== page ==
Geometry

UK Secondary (7-11)

Names in Circles

Lesson

We've already looked at a couple of different features of a circle including the:

- circumference: the distance around the edge of the circle.
- diameter: the distance from one side of the circle to the other, passing through the centre.
- radius: the distance from the centre of the circle to the edge.

Now we a going to look at a couple of new parts of a circle. Let's start by checking out the picture below.

Now let's explain each of these features.

- Tangent: a line that intersects the circumference of a circle in exactly one point. A tangent is perpendicular to the radius from the point where the tangent touches the circle.
- Arc: part of the circumference of the circle.
- Chord: a line that goes from one point to another on the circle's circumference, without passing through the centre.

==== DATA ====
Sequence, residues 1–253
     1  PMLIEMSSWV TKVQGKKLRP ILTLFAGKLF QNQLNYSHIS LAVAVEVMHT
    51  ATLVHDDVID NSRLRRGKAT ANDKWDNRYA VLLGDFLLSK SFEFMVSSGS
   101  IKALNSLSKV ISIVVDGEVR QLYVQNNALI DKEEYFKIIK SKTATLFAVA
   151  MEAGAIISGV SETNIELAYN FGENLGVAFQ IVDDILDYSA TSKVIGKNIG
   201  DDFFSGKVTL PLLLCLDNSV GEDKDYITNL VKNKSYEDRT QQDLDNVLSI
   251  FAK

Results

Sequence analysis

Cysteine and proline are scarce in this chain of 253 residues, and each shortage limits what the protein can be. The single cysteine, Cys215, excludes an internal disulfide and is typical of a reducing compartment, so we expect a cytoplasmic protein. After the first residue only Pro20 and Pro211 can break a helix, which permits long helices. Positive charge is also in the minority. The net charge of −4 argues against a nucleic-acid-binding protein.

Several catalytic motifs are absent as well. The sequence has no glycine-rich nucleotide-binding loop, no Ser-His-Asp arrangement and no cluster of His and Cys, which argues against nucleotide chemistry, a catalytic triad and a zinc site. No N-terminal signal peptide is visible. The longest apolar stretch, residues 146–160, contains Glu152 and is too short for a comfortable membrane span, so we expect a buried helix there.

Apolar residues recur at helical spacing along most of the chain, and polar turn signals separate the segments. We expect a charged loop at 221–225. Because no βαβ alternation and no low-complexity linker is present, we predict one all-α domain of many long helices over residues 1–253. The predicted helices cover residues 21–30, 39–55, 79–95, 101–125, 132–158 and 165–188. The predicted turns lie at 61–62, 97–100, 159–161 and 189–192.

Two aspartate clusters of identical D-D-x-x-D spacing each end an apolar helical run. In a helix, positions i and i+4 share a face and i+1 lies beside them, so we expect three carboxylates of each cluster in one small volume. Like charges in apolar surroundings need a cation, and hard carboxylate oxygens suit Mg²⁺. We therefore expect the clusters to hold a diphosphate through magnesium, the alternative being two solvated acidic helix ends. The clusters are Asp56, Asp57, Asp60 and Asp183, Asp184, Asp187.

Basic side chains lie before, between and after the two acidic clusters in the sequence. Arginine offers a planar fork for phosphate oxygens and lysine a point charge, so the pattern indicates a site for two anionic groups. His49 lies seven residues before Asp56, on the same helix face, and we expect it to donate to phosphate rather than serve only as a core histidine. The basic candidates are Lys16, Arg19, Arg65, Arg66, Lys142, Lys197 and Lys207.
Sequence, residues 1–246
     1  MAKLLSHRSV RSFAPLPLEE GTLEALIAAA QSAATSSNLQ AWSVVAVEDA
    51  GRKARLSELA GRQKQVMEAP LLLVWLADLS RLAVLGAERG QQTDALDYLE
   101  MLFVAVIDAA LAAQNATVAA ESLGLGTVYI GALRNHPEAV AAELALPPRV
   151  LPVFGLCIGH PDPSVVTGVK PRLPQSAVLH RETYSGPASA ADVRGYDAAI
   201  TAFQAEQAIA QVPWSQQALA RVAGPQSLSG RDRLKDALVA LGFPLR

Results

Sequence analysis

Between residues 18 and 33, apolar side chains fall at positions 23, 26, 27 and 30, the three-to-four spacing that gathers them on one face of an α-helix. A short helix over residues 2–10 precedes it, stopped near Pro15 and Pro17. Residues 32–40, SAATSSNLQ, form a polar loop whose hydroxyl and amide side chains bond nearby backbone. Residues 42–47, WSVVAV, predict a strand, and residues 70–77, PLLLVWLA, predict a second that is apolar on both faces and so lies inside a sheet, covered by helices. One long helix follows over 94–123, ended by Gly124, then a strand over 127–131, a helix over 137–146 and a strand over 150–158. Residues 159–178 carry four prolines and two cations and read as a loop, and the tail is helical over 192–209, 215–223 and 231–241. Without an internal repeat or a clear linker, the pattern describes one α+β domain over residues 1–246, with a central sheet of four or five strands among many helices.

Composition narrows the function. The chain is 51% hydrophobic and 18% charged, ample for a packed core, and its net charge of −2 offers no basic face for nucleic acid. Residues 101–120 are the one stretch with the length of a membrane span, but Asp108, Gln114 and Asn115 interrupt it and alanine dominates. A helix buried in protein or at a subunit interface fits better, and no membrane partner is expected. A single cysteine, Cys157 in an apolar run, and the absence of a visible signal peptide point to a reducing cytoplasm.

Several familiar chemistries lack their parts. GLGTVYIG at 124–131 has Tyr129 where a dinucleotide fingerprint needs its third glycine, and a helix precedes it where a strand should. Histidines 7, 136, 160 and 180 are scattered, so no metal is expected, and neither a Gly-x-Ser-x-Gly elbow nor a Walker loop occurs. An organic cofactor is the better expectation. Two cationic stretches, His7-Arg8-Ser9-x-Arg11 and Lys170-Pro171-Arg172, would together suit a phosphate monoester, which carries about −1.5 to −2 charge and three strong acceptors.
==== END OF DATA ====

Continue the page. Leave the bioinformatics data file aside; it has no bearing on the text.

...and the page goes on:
- Sector: a section of the circle defined by two lines from the centre to the circumference. It looks like a piece of pizza. However, there are different kinds of "slices." A minor sector has an angle at the centre of the circle of less than $180^\circ$180°. A major sector has an angle at the centre of the circle of more than $180^\circ$180°. There are are some special kinds of sectors:
- Semicircle: a sector made from half the area of a circle.
- Quadrant: a sector made from a quarter of the area of a circle.

- Segment: an area made from a chord and an arc of the circle. Each chord produces two segments: a major segment (the large shape) and the minor segment (the small shape, like the one shaded in the picture above).
- Secant: a line that touches and passes through two points on a circle's circumference.
- Cyclic quadrilateral: a four-sided shape whose four points touch the circumference of a circle.

Which of the following is a secant of the attached circle?

GH

AJK

BAB

COI

DCD

EEF

FGH

AJK

BAB

COI

DCD

EEF

F

Which of the shaded areas represent a segment of a circle? Choose all correct options.

$A$

`A`A$B$

`B`B$C$

`C`C$D$

`D`D$A$

`A`A$B$

`B`B$C$

`C`C$D$

`D`D